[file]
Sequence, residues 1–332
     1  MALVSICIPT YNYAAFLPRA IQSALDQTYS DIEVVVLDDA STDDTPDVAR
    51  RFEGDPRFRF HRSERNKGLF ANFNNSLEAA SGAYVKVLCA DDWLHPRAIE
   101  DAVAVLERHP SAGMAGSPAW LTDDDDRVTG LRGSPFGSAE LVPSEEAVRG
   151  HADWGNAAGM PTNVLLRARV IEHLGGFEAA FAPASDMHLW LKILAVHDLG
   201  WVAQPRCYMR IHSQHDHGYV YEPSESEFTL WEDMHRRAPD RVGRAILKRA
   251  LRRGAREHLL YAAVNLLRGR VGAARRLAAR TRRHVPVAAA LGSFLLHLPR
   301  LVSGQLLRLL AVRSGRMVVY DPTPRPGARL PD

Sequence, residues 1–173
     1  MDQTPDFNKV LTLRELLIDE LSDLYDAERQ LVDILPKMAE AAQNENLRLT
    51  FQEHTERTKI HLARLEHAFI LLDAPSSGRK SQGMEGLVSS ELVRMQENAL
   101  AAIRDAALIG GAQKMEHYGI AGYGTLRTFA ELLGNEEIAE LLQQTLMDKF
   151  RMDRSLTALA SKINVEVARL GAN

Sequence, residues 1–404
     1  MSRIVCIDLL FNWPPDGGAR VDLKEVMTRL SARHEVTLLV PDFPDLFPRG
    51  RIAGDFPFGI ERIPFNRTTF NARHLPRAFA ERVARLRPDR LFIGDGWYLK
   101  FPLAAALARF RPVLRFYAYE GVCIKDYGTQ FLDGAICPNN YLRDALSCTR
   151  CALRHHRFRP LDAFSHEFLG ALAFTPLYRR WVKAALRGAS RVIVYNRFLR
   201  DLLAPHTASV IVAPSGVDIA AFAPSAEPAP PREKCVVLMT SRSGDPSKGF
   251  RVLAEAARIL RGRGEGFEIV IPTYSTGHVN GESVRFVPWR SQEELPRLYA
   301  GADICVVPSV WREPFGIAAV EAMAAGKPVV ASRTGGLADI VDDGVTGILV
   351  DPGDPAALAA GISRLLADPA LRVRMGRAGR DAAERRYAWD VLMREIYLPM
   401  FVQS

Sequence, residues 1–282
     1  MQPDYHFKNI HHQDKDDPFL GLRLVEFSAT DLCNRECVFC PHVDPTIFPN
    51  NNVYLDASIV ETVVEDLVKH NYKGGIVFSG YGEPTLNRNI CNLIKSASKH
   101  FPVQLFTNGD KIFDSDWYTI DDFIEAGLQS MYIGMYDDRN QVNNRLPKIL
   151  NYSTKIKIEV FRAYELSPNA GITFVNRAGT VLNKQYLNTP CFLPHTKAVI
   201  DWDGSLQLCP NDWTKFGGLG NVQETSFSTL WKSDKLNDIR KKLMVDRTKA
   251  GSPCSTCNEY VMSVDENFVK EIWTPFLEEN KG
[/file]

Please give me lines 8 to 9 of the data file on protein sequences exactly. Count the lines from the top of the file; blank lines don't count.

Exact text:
   301  LVSGQLLRLL AVRSGRMVVY DPTPRPGARL PD

Sequence, residues 1–173